The original purpose of farmers markets was to connect consumers with agriculture, providing a source of fresh and local foods. That remains the same today with an added twist.

With the addition of processed and prepared food vendors, artisans and entertainment, they have become more than just a place to buy fresh produce. Market managers and vendors have seen the benefits of this evolution as markets continue to grow, generating higher sales and profits.

Markets across the country became even more consumer-friendly when they began offering customers the convenience of paying for purchases via the Electronic Benefit Transfer (EBT) system that accepts food share benefits and credit cards.

Carol Reed, a former UW Extension agriculture educators’ assistant, has seen it all over the past 16 years as manager of the Wisconsin Burlington Farmers Market. Her presentation at this year’s Wisconsin Fresh Fruit & Vegetable Conference included tips for selecting the best farmers market for your operation.

“There are different types of markets,” she began, referring to traditional producer markets and combination producer/resale formats. She pointed out how the resale model can expand the product mix offered and is especially helpful in smaller communities with access to fewer vendors. Resale vendors might bring in items they did not produce themselves, such as produce out of season, for example.

“Some markets have decided to allow a percentage of product sold to be resale,” she said, “usually about 20%.” It can be a balancing act for market boards as they continue try to provide the best selection for consumers while staying true to their market guidelines.

Learning how to properly price your products at a farmers market can help you become more profitable and outshine your competition. Photo by Gail March Yerke

Choosing the Right Market

“All markets are not for every vendor,” Reed emphasized. “Check out the market you are going to attend and meet with the market manager.” She encouraged shopping the market and talking to both customers and vendors. Take note of the market’s demographics while there.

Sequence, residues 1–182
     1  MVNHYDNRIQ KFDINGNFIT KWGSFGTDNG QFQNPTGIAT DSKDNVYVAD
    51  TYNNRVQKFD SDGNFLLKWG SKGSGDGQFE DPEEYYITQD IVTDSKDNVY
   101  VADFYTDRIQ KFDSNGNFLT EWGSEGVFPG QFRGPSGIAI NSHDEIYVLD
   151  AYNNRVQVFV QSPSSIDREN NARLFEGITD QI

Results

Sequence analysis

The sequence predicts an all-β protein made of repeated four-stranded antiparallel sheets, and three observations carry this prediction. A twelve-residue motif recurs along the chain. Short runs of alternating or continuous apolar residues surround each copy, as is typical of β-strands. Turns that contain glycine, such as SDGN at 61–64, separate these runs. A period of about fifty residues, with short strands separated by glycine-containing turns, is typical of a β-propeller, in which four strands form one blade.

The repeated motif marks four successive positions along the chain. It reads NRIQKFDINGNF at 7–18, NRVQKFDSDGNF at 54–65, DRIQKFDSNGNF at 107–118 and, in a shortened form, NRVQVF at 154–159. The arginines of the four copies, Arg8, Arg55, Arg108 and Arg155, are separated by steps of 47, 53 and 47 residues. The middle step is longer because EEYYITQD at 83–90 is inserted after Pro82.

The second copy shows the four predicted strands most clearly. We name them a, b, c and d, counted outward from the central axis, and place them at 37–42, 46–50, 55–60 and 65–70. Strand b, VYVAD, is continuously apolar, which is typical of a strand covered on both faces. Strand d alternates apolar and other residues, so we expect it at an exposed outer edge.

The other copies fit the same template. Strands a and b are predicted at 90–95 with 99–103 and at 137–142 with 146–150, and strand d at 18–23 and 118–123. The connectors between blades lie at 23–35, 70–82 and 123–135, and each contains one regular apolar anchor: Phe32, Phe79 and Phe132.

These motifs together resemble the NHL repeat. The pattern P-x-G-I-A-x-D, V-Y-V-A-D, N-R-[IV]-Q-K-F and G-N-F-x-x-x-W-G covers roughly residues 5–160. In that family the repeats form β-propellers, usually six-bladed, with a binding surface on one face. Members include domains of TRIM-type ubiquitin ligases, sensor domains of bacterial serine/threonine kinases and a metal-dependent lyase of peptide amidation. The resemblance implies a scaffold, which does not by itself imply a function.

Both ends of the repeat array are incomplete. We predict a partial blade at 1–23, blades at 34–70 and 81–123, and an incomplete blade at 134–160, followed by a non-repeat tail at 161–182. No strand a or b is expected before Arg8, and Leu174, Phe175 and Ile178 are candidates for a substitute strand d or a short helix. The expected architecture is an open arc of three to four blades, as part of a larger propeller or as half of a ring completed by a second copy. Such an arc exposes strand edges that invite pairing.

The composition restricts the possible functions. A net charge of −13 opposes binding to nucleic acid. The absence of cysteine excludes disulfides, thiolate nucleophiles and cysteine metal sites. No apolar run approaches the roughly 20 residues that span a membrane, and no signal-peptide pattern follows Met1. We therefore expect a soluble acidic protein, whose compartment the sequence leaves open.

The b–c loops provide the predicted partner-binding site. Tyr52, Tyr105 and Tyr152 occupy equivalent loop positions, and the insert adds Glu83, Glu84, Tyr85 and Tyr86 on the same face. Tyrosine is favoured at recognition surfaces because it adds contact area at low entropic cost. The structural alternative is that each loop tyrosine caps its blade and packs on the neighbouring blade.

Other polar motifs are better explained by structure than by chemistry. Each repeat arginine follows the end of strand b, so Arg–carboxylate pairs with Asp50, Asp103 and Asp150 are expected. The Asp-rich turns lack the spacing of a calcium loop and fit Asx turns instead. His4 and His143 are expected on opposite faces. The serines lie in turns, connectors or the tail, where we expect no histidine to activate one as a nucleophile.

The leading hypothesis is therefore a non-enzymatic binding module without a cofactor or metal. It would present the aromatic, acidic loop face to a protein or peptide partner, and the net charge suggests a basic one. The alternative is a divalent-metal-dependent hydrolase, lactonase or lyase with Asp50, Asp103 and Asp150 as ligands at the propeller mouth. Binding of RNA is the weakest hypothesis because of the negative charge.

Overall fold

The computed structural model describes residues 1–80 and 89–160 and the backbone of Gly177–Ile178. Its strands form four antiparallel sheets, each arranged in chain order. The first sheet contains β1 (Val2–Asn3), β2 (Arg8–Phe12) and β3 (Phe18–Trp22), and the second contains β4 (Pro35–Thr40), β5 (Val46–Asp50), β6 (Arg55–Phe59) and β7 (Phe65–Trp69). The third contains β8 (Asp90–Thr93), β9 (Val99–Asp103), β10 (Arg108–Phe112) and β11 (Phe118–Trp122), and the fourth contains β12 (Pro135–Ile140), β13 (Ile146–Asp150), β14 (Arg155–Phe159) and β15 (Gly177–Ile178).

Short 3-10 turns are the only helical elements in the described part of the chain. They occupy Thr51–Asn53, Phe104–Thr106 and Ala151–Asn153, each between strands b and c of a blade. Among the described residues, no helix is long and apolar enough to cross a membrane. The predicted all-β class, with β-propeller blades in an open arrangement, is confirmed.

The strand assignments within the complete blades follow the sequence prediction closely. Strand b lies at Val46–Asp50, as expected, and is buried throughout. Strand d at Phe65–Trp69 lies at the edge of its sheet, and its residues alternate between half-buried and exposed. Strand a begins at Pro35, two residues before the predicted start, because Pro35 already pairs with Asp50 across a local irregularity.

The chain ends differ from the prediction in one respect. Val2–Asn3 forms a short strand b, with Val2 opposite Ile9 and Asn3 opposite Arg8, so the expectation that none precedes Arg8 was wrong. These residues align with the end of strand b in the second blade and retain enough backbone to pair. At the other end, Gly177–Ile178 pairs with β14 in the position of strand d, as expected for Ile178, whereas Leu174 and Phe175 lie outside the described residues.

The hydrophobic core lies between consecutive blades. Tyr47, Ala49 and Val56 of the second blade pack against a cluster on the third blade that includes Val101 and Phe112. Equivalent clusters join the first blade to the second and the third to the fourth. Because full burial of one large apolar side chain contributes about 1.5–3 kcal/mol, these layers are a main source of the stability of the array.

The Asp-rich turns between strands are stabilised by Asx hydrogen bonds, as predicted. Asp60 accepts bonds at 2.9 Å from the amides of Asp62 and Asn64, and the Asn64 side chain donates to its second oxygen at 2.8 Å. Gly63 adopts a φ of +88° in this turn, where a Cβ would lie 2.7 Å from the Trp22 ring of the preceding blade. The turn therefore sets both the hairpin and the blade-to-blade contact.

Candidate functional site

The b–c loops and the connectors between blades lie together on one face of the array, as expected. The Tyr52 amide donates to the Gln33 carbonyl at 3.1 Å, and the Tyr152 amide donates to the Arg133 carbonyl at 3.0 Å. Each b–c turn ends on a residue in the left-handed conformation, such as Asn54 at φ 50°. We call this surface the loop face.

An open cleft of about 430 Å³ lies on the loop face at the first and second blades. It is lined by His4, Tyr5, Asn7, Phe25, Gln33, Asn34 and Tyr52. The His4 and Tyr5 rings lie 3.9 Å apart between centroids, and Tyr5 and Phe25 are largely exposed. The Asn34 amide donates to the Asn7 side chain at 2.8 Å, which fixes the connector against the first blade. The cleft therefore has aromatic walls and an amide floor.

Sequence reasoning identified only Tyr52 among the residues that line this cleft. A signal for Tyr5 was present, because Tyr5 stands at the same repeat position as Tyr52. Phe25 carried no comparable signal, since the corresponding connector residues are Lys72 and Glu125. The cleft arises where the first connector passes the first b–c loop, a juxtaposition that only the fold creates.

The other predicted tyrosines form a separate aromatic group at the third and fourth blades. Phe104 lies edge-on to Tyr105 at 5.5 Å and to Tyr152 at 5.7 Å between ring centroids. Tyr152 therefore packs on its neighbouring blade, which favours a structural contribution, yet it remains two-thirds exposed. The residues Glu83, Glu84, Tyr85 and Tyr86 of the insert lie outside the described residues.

Reed suggested a few additional considerations to include in your decision-making process. Does the market’s pricing fit in with what you need to charge for your product? Is there adequate parking for customers and/or public transportation available? When it comes to product mix, does the market offer high quality along with unique products? Are there special events scheduled to generate higher market attendance? How is the market promoted?

A good example is how her Wisconsin market connects with the public through their website and social media, offering direct links to vendor websites. Vendors are also encouraged to update their own online media and feature what they are offering at market that week. While season vendors attend May through October, additional weekly vendors are added throughout the growing season. A detailed map is published on Facebook each week, showing the locations of all attending vendors.

Even with all of their current promotion efforts, however, she added, “Word of mouth is still the very best advertising there is.”

Pricing for Profit

How do you set pricing for your product? University of Wisconsin Department of Agriculture and Applied Economics Professor Paul Mitchell spoke about determining what to charge at farmers market and direct farm sales. Director of the UW Renk Agribusiness Institute, one of his areas of research includes the economics of crop production.

“You might both be vegetable farmers with eight acres selling at the same farmers market and doing a lot of the same vegetables,” he said, “but your cost of production will most likely be different.” Variable expenses like crop inputs and labor often make the difference. Labor expenses continue to rise and labor shortages add to the problem.

Veggie Compass is an online farm management tool for diversified fresh market vegetable growers. Created at the Center for Integrated Agricultural Systems, UW-Madison, the program helps growers better define their cost of goods sold and apply them to individual items they sell. The toolkit with free downloadable spreadsheets helps farmers actively manage and understand individual product costs, identifying break-even points. Farmers can then make decisions to adjust pricing, reduce their costs, drop less profitable categories and expand production of those that are more profitable.

Mitchell explained how data are incorporated into the program. Just like tax preparation, time needs to be set aside for gathering and entering your crop information. “The key about it is that it makes it easy-‘er’, not easy,” he emphasized.

Future toolkits are in development for fruit and nut growers. More information on this farm management tool for fresh market vegetable growers can be found at

by Gail March Yerke